San Luis Obispo County will award $50,000 in state grants to five local nonprofit organizations that provide people previously convicted of a crime with tools to complete their post-release supervision and stay out of jail.
The San Luis Obispo County Board of Supervisors on Tuesday approved the award to the agencies after a public application process in January.
The board awarded the maximum amount of $10,000 apiece to the following organizations:
- Community Action Partnership of San Luis Obispo County for its Liberty Tattoo Removal Program, which removes antisocial and gang-related tattoos in exchange for community service and volunteerism;
Never miss a local story.
Last year’s state budget allocated $8 million to the Board of State and Community Corrections — the regulatory agency that oversees the County Jail — to distribute the grants to nongovernmental, community-based nonprofit organizations that provide services to people incarcerated or released from state prison, county jail or juvenile detention and aimed at keeping them employed and out of trouble.
In its request for proposals, the county identified several service gaps: leisure and recreation, positive peer associations, employment and education, family and marital counseling, and life skills and substance abuse services.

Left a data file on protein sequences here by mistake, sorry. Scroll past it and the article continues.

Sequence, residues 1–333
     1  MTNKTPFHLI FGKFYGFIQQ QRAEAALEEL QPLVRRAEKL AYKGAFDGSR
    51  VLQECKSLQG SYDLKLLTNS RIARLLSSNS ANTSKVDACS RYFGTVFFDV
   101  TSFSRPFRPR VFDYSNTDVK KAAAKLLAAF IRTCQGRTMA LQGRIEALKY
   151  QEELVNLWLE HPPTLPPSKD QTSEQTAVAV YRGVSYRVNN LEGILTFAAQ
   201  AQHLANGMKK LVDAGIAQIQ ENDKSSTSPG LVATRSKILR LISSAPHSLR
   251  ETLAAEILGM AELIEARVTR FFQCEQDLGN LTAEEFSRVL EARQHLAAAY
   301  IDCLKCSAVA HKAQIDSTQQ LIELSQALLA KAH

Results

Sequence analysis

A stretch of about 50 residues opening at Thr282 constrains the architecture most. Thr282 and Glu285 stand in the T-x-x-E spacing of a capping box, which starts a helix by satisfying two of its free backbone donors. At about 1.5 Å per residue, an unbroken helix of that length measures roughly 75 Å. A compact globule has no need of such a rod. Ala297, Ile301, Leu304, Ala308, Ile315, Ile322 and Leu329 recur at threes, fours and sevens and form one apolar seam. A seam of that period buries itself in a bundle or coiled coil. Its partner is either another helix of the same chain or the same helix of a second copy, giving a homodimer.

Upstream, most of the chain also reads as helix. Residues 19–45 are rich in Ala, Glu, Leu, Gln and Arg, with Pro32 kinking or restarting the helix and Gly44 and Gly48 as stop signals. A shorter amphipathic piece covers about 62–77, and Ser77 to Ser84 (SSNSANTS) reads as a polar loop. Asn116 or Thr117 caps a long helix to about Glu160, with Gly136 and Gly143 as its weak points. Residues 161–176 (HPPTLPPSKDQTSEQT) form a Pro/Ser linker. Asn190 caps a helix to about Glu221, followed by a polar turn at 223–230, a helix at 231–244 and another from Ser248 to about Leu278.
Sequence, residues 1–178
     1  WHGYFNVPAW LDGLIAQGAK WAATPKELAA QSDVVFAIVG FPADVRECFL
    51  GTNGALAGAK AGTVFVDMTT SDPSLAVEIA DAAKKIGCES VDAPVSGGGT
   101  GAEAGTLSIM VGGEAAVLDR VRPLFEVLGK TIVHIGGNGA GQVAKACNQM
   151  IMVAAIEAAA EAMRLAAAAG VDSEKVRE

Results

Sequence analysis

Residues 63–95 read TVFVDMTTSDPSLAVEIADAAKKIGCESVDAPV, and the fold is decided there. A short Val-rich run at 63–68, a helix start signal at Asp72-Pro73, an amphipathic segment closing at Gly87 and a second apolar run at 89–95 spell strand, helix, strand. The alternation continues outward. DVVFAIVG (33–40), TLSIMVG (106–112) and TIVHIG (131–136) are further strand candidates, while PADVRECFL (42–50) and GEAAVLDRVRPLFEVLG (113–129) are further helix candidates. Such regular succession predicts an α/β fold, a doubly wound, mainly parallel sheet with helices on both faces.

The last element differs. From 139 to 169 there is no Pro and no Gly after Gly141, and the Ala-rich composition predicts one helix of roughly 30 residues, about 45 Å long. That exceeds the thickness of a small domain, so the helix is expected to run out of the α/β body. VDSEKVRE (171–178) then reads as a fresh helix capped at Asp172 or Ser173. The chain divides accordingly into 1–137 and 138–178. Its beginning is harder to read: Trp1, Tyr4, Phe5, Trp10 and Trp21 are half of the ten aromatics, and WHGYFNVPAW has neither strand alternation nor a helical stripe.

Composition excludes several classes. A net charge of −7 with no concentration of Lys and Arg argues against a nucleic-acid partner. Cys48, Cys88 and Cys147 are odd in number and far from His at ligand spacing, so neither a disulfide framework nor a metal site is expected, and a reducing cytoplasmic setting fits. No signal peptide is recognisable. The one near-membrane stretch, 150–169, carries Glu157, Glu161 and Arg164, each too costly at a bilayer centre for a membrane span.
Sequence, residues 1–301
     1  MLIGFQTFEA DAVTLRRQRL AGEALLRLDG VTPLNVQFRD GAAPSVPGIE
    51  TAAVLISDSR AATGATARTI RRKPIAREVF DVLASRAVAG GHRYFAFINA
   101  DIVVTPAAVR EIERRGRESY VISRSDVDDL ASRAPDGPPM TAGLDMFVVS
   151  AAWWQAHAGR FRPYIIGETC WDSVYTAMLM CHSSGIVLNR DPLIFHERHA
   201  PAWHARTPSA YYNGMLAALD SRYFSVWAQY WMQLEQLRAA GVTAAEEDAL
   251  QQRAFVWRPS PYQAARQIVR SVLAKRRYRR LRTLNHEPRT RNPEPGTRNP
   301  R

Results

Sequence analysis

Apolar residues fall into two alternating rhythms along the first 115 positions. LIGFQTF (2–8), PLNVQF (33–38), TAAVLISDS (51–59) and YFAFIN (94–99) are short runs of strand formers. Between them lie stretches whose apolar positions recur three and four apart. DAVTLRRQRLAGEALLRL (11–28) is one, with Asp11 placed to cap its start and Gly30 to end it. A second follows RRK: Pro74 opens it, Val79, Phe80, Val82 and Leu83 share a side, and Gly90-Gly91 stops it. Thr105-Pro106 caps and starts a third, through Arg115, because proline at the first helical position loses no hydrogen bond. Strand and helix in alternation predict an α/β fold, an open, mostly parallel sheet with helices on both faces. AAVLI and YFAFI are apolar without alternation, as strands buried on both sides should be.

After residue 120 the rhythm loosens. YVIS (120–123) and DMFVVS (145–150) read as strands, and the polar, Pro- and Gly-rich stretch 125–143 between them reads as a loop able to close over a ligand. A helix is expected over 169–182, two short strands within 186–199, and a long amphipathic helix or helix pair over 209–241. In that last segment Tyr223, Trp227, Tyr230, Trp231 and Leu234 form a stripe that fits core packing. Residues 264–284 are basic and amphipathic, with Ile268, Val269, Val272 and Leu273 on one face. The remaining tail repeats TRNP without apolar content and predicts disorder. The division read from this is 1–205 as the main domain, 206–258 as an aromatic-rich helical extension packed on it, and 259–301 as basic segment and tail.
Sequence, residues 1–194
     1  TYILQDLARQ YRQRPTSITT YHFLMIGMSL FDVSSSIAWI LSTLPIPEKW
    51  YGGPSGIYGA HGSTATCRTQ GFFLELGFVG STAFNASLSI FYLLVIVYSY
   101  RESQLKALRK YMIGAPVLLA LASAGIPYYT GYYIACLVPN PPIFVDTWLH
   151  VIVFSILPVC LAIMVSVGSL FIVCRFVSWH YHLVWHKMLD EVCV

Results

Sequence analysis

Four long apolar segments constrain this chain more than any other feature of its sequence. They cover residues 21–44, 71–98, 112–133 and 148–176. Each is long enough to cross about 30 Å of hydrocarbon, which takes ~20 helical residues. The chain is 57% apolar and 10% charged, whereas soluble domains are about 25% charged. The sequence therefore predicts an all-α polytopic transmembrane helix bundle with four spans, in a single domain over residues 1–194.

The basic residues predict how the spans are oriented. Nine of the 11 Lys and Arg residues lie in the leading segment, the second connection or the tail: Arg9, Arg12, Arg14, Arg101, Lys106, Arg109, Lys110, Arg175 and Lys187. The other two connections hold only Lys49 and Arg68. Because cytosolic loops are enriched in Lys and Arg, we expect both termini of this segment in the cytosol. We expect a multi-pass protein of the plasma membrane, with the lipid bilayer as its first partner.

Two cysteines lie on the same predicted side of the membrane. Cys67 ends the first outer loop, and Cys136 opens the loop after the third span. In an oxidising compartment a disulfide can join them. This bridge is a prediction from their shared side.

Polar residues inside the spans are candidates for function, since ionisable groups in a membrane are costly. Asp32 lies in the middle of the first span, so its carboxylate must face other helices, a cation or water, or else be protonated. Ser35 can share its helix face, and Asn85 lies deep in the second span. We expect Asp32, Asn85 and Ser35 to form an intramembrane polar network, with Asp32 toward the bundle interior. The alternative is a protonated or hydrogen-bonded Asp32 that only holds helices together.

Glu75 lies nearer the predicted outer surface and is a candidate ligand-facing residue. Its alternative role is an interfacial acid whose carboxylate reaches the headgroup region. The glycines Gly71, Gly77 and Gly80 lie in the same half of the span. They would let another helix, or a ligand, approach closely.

The Probation Department’s 2014 statistical report showed that about 41 percent of adults on probation for felonies and about 31 percent of adults on probation for misdemeanors committed new offenses in the 2013-14 fiscal year, trending upward since 2011.
Approximately 30 percent of juveniles under wardship supervised by probation reoffended last fiscal year, compared to 8 percent of non-ward cases.
The grant is separate from state funds to offset the costs of state prison realignment, passed in 2011, which sends people convicted of certain low-level crimes to county jail in lieu of state prison.
The county receives state money to cover costs associated with prison realignment as well as rehabilitation, job training and drug and alcohol treatment programs. In the 2014-15 fiscal year, the county received $6.1 million; $6.5 million is anticipated for the 2015-16 fiscal year, Chief Probation Officer Jim Salio said.